Thursday, December 29, 2016

Viral marketing goes mobile

Mobile devices, mobile phones and tablets are one of the last great frontiers of viral advertisement opportunities. However, we have become experts at filtering everything, our air and water, our e-mail and pop-ups, and our mobile devices as well. We are good at filtering.

The very idea of unwanted advertising streaming through our smartphones is abhorrent. Mobile devices are the ultimate opt-in medium and, therefore, a great way for marketers to connect with users…if that’s what the users want. “WANT” is the key word here. How should marketers approach the medium?

There are three main ways to achieve this:

1. Offer exclusive content. Anyone can offer clickbait texts. It’s the unique content, such as exclusive mobile images of new brand concepts, quality content, etc. that drives interest and calls them out in other media like e-mail campaigns, newsletters, websites, etc. So a wireless campaign is most effective when it offers exclusive content for wireless devices.

2. Make it useful and timely. Think about what would be handy and helpful to have on a mobile device.

3. Clearly define objectives. Usually, one of two business objectives drives successful mobile experiences: incremental revenue of brand intimacy. On the intimacy factor, a text message usually takes priority over almost any other form of communication. Why? Because we haven’t yet been saturated with mobile spam, and this is what causes us to prioritize wireless messaging over voice.

Mobile marketing has been out there for a while but we marketers have new territory to explore. Video offers fantastic opportunities for engagement. Consumers already bypass their filters for highly useful or entertaining content and will do so for rich exclusive, compelling content.

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Tuesday, December 27, 2016

10 marketing tips for succesfull entrepreneurs

Nothing happens in business until a sale is made. Marketing is simply about getting new customers and keeping them. If you’re not doing something everyday to market and promote your business, your competitors are. Here are ten easy-to-implement tips to effectively market and grow your business:




1. Partner with large email database list owners and offer to cross promote each oher. The list owner will advertise your event, product, or service to their email database and you’ll offer to do the same to your list.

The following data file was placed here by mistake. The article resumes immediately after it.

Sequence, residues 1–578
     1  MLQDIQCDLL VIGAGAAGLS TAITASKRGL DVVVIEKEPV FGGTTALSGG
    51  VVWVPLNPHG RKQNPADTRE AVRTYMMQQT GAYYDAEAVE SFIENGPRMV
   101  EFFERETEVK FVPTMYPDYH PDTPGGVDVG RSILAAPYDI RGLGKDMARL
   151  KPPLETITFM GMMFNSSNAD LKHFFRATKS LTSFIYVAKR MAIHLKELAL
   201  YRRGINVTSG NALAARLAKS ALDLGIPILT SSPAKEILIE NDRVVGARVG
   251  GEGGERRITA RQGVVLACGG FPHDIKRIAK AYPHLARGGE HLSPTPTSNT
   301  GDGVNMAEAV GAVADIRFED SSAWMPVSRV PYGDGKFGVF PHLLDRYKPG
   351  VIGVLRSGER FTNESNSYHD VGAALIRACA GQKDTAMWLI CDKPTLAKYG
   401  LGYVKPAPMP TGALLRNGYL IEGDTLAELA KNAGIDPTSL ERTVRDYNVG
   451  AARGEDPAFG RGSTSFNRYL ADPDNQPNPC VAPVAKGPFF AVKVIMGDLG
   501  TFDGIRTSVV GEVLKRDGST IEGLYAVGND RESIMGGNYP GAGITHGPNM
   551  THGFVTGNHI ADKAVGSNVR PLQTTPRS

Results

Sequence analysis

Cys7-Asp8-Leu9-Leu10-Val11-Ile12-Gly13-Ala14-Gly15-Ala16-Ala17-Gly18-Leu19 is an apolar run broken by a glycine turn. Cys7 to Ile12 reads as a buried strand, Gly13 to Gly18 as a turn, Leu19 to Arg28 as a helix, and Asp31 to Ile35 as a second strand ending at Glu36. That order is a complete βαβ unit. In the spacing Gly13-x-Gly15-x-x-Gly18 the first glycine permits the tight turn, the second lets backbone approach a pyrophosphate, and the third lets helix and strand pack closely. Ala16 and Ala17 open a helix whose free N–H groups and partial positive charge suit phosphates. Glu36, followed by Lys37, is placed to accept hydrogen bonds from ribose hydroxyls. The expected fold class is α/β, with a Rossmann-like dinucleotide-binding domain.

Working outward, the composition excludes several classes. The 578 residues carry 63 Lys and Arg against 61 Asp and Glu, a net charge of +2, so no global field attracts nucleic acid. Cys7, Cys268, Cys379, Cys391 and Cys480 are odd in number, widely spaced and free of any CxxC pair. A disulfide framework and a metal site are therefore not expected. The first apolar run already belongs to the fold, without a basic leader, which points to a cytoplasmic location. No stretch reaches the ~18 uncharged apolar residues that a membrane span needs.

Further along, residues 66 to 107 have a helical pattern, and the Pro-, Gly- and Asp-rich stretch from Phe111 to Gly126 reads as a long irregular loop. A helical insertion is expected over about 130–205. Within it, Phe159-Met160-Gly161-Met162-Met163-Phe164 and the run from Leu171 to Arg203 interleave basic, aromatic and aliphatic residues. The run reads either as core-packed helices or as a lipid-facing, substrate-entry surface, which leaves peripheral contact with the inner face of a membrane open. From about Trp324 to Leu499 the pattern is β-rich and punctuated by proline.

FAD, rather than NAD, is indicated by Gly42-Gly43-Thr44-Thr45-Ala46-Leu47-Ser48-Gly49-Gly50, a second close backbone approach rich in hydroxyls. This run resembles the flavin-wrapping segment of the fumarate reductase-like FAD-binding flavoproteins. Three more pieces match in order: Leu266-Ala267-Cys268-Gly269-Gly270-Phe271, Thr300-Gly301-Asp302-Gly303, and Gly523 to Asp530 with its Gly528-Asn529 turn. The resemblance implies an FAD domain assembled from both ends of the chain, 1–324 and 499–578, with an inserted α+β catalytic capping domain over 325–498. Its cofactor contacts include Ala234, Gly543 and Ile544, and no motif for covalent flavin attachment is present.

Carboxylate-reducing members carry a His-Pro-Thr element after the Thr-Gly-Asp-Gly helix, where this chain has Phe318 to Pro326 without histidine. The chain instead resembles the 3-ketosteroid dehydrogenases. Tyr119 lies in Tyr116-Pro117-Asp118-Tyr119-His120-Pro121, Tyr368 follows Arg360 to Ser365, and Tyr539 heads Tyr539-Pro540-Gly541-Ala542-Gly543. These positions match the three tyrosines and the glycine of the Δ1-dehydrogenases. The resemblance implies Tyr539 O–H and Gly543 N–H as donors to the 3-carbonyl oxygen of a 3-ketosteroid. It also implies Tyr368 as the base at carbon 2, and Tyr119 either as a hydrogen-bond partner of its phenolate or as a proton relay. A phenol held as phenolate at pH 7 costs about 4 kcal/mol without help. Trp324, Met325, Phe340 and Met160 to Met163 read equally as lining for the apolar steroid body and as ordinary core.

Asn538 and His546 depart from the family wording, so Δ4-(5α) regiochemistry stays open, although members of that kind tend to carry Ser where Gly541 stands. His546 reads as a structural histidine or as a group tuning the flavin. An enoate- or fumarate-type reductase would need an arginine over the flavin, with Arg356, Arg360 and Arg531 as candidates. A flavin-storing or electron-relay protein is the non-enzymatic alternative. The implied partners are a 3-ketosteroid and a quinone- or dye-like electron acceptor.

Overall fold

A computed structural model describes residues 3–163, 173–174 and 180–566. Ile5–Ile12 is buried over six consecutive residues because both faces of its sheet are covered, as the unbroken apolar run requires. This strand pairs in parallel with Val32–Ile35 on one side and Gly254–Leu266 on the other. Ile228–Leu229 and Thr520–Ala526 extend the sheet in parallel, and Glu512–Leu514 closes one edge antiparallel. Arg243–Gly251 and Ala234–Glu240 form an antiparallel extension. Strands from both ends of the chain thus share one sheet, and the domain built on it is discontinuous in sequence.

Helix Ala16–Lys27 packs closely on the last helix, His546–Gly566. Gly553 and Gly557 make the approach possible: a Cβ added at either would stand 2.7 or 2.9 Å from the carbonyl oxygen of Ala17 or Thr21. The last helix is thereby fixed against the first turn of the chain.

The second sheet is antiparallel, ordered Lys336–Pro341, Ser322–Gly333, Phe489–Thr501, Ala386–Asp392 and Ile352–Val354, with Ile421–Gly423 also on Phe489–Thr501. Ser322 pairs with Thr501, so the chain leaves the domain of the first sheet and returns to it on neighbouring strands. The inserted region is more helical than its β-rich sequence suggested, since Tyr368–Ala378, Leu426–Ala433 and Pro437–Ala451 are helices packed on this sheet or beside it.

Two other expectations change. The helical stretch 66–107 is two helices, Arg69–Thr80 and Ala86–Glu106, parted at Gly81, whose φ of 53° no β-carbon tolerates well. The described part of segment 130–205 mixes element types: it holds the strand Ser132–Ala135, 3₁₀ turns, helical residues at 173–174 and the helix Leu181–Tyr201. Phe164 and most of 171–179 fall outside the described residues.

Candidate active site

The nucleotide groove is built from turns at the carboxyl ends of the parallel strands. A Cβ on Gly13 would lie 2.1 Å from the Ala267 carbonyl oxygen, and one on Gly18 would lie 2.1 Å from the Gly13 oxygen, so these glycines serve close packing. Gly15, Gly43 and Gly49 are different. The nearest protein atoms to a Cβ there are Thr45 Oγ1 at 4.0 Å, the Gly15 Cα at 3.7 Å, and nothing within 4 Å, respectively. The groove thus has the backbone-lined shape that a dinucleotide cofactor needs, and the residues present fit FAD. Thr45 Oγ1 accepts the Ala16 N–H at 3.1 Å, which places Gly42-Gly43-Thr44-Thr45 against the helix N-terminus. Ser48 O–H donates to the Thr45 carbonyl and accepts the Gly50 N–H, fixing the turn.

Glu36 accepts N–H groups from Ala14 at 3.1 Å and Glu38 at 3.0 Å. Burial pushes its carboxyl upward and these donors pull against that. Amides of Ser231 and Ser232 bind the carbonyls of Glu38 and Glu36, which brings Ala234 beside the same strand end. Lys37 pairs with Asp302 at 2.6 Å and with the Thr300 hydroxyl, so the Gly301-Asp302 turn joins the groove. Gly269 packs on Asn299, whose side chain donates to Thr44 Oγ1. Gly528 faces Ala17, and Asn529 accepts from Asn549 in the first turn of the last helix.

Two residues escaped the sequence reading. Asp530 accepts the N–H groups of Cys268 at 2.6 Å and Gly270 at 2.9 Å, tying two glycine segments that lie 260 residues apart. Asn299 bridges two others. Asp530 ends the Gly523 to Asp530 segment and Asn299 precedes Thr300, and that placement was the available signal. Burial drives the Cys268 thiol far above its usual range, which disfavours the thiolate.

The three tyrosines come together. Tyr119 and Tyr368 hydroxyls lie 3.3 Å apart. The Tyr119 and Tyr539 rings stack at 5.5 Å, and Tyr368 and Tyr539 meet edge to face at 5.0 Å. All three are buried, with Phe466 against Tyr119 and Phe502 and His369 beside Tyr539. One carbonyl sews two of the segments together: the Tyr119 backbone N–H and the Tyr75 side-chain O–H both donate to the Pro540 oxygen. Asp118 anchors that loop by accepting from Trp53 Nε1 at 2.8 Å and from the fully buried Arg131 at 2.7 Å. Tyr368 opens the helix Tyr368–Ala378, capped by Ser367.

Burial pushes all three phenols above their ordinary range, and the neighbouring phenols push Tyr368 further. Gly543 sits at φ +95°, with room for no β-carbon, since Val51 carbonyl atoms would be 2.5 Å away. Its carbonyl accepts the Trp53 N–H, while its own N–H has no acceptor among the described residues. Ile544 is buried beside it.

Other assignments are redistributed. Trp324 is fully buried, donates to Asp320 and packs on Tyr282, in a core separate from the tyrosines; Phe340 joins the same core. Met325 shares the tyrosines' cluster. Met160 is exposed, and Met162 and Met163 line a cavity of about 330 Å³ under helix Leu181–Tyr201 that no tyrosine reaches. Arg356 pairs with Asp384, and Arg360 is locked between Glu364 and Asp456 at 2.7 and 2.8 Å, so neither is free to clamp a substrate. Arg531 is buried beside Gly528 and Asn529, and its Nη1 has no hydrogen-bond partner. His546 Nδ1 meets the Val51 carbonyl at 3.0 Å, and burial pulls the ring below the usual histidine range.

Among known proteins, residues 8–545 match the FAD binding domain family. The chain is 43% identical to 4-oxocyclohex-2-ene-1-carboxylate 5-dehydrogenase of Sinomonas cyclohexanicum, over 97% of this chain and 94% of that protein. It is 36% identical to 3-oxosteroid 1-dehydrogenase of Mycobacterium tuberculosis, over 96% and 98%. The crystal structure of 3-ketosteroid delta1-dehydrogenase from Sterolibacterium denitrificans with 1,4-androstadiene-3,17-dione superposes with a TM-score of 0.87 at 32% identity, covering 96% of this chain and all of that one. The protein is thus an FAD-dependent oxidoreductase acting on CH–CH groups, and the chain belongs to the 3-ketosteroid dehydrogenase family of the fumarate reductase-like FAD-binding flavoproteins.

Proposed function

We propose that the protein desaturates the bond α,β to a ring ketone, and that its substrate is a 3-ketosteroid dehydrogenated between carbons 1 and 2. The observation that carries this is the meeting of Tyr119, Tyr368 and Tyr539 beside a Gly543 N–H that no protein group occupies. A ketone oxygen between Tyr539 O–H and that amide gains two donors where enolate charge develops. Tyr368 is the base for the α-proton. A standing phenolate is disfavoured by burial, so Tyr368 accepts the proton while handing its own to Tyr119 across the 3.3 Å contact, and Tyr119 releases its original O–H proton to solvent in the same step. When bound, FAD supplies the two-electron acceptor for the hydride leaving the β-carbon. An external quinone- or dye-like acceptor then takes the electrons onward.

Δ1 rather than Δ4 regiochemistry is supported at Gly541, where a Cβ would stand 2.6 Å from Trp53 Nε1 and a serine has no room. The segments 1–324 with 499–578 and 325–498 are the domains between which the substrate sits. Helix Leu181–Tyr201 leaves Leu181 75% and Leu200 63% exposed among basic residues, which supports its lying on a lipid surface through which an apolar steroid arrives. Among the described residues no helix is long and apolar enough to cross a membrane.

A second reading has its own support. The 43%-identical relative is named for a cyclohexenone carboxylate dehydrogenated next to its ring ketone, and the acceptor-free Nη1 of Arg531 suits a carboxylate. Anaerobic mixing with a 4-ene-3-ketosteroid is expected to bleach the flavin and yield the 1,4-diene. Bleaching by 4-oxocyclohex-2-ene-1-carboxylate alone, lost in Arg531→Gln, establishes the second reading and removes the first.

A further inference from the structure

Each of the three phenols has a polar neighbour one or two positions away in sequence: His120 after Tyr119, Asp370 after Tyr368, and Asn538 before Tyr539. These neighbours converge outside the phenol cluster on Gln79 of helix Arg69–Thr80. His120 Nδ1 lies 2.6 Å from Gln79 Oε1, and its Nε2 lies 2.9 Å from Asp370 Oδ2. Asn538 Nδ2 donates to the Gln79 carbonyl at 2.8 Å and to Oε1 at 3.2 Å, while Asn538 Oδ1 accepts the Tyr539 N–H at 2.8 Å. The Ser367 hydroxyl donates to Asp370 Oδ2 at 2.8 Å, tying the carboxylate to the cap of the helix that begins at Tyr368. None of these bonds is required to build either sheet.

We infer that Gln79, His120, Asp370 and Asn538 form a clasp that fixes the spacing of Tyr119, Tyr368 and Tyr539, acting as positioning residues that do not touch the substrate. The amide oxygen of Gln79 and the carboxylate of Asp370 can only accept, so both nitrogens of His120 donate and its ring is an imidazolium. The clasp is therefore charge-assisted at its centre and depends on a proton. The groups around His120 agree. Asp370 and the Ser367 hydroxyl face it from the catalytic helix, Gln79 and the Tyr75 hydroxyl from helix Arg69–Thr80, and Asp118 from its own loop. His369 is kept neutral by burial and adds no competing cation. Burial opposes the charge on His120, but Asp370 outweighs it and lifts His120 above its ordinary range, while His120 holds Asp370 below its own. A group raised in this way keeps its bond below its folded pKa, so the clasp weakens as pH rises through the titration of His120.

2. Create your own blog which is an online journal with frequently updated posts to entertain and excite existing and potential customers. It’s more personal and immediate then a website and keeps people engaged and hopefully coming back for more. You can even create one for free at http://www.blogger.com.

3. If you want to increase word-of-mouth fast, do something beyond normal industry expectations. For example, Mr. Lube offers fast and affordable tune-up service to customers right on the spot, without having to leave the car, while offering coffee, cappuccino, and a fresh newspaper.

4. Always ask happy clients for endorsements or testimonials and put them on your website and other marketing collateral. They’re worth their weight in gold. Try to get some recognizable names in your community for additional cachet.

5. Put a special offer or product advertorial on every invoice and statement you send out. Likewise, you can also negotiate a deal with another company to advertise your product or service on all their invoices for a percentage of revenues from placed orders.

6. Make your business cards stand out and be natural keepers. Offer important information on the back such as emergency phone numbers, a map, or special dates to remember. Have a slogan that offers a powerful benefit statement to your prospective customer.

7. Offer special bonus packages with your product or service offering. Get corporate sponsors to give away products as part of the bonus package in exchange for free exposure.